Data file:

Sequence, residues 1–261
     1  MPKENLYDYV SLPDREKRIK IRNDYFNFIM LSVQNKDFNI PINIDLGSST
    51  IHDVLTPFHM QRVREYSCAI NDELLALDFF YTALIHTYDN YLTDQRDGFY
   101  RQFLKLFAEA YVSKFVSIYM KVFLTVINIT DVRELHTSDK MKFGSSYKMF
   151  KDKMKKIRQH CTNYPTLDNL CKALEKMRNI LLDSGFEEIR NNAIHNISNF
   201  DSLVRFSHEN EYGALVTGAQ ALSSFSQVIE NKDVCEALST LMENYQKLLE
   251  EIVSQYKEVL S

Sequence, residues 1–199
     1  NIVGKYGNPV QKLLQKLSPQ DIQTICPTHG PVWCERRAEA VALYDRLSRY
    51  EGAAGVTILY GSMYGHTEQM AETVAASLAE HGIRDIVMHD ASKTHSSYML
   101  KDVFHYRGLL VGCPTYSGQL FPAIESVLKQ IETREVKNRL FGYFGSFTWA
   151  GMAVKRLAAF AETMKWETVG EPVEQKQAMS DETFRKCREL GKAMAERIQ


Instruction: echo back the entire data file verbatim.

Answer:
Sequence, residues 1–261
     1  MPKENLYDYV SLPDREKRIK IRNDYFNFIM LSVQNKDFNI PINIDLGSST
    51  IHDVLTPFHM QRVREYSCAI NDELLALDFF YTALIHTYDN YLTDQRDGFY
   101  RQFLKLFAEA YVSKFVSIYM KVFLTVINIT DVRELHTSDK MKFGSSYKMF
   151  KDKMKKIRQH CTNYPTLDNL CKALEKMRNI LLDSGFEEIR NNAIHNISNF
   201  DSLVRFSHEN EYGALVTGAQ ALSSFSQVIE NKDVCEALST LMENYQKLLE
   251  EIVSQYKEVL S

Sequence, residues 1–199
     1  NIVGKYGNPV QKLLQKLSPQ DIQTICPTHG PVWCERRAEA VALYDRLSRY
    51  EGAAGVTILY GSMYGHTEQM AETVAASLAE HGIRDIVMHD ASKTHSSYML
   101  KDVFHYRGLL VGCPTYSGQL FPAIESVLKQ IETREVKNRL FGYFGSFTWA
   151  GMAVKRLAAF AETMKWETVG EPVEQKQAMS DETFRKCREL GKAMAERIQ